Hearthstone is a very popular online collectable card game. Blizzard, the company that created and developed the game, essentially allowed a team of game designers to recreate the physical collectable card games that they had enjoyed as children and teenagers.
The formula worked; the game was completely accessible as a free-to-play title. Spending money to buy expansion packs and gain advantage has always been a feature of the game, but in the past it was possible to earn enough in-game currency by grinding (playing every day) to create decent decks to play with.
In fact, in a 2014 interview just after Hearthstone had been released to the public, professional player Audrey “Reynad” Yanyuk said in an interview that “if a bad player spends a lot of cash and buys every card in the game and builds what he wants, he’s still going to lose to good players with cheap cards in an efficient deck”.
Nowadays, that situation seems to be changing, as many players and industry insiders have commented.
An increasingly widespread issue
The concern that free-to-play games are becoming far too expensive is seen in many areas of the online gaming world at the moment. In some titles, purchases of downloadable content or loot boxes filled with random game enhancements have become linked with winning – or at least excelling in-game. Gameplay is deliberately kept slow without them, and earning them by grinding is not always possible.
In-game purchases are known as microtransactions because the outlay at any given point is less than what would be spent on a fully-fledged video game title. Over time, however, the amount that is being spent can easily become so substantial that it vastly outweighs what is spent on a buying a full-price title.
Many players are, understandably, concerned that the arena is becoming very uneven. In a nutshell, if players have enough money at their disposal, it seems that they can pay to virtually ensure a win – or at least better compete with players around their skill level.
The changes seen in Hearthstone
While the original objective of Hearthstone was to recreate the magic of physical collectible card games so that everyone could enjoy them online, there were specific structures and rules that the game followed. Blizzard has always needed to make a profit, like any business, and with Hearthstone it always has. The way that this was done changed recently, however, and became a lot tougher for many players.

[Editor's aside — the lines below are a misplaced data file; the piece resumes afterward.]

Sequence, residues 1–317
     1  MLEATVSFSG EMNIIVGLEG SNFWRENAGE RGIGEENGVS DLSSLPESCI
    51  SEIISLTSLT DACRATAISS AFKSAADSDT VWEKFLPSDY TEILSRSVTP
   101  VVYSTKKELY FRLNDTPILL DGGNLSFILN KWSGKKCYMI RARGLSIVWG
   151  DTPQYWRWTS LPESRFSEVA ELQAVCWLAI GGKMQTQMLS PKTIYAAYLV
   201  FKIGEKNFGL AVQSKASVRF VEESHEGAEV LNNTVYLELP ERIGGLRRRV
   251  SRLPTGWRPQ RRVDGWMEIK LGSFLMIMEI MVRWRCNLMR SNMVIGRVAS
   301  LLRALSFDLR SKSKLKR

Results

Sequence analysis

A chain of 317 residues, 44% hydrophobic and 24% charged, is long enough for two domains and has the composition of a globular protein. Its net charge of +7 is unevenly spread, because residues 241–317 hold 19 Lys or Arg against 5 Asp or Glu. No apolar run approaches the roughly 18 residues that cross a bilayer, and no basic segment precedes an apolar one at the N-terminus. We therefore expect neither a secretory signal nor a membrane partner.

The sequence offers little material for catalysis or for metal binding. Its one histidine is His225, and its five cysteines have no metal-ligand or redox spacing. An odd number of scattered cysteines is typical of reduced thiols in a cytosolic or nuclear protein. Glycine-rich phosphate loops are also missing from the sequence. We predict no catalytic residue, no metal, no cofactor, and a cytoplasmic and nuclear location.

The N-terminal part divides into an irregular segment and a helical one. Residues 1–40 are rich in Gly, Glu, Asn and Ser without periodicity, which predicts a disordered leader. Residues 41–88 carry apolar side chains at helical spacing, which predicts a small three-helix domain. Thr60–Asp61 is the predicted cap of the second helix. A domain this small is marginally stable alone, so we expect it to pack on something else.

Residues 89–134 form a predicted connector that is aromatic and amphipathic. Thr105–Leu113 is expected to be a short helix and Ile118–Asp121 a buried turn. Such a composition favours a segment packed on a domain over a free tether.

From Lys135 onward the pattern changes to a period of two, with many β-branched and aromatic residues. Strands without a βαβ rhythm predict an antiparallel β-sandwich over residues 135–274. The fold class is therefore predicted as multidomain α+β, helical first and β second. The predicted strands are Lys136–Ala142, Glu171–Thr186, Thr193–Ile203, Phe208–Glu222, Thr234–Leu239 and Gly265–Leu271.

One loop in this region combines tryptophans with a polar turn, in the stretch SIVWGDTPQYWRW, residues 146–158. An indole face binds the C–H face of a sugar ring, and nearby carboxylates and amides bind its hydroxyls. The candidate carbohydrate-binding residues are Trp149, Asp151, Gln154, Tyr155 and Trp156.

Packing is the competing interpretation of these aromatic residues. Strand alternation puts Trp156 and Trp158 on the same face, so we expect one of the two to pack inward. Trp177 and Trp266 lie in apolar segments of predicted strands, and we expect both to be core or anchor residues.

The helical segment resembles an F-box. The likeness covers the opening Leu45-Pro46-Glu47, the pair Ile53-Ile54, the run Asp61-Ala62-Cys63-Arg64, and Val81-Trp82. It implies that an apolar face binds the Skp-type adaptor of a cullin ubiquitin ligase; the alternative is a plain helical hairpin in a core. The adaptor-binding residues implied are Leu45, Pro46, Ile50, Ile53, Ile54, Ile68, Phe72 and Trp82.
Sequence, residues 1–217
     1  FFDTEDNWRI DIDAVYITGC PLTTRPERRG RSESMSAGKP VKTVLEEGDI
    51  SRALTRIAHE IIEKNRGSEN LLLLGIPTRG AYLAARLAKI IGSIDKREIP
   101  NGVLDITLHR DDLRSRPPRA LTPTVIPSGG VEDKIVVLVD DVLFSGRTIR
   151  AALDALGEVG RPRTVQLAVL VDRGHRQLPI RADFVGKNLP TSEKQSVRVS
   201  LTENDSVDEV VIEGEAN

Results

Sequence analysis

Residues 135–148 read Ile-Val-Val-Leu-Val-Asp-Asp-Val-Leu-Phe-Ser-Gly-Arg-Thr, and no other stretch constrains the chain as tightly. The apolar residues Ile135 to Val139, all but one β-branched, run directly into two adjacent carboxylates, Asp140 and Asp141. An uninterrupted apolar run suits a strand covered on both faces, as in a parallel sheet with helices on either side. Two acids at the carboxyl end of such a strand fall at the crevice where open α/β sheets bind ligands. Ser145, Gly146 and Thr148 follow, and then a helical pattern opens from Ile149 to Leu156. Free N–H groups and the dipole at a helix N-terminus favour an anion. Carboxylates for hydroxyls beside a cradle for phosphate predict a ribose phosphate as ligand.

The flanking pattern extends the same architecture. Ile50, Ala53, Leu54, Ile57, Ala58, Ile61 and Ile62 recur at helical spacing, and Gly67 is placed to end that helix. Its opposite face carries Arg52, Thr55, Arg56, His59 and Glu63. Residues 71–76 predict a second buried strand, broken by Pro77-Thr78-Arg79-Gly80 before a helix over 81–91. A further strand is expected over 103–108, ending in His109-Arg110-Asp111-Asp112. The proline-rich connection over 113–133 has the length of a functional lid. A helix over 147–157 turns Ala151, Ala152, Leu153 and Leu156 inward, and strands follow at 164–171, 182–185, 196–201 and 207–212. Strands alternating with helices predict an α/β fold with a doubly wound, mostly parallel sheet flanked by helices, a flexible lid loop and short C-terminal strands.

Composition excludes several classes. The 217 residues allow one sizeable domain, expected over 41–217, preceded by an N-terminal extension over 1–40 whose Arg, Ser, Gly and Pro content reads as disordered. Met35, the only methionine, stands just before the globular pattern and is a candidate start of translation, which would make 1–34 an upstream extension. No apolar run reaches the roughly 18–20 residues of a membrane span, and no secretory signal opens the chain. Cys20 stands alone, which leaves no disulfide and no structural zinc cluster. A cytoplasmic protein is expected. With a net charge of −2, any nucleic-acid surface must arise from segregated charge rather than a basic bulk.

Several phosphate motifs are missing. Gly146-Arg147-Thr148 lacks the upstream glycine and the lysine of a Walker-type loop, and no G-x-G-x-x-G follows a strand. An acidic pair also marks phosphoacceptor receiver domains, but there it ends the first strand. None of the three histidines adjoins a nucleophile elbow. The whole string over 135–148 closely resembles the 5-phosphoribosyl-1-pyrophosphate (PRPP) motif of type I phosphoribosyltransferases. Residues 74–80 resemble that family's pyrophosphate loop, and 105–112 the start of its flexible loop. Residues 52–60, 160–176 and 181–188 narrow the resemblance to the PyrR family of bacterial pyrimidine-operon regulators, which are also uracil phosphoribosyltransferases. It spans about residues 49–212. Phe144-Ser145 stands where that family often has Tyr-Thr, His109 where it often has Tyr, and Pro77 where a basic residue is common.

Until very recently, every Hearthstone release came in the form of an Adventure. Adventures can be defined as series of single-player PvE, or Player versus Environment, challenges. The PvE battles would be available to buy over the course of a month, and by the end players would get a guaranteed suit of cards. Adventures were done away with earlier this year, in favour of larger expansion packs, and the way in which players gain cards has changed.
Packs that can be bought with money or in-game gold are made up of randomly determined cards from the expansion pack, meaning that the progression is no longer linear and is based far more on luck than on a growing set of skills than it was before. These larger packs are also being released at a far greater pace than in the past; Kobolds and Catacombs has just been released and is the third such expansion pack of 2017.
Costs are running into the thousands, and keeping up with other players is double what it was last year. For anyone who is serious about playing, choosing not to acquire the expansion packs is impossible; players that hold the new cards will obviously have an advantage over players that do not.
Can a happy medium be struck?
While it does seem that players who don’t buy expansion packs may be unable to truly compete, looking at comments within the Hearthstone community suggests casual players are more upset by this than professional eports players. Those at the top of the game appear to feel that, while the expansion packs are important, it is still the case that nothing can replace skill.
Individuals playing at this level can, of course, also afford to buy expansion packs with real money or spend much of their time playing in order to acquire in-game gold.
The most pertinent question might be whether or not a balance can be struck. Blizzard understands what its players want – the extensive backstory and attention to detail in Kobolds and Catacombs is enough to prove that. Their generosity is now extending to giveaways and boosters that can help players do better, even without extra cash.
In the end, as always, success will cost an investment of time or money. The hope is that with Blizzard’s largesse, it will be possible for players to decide which one to spend.
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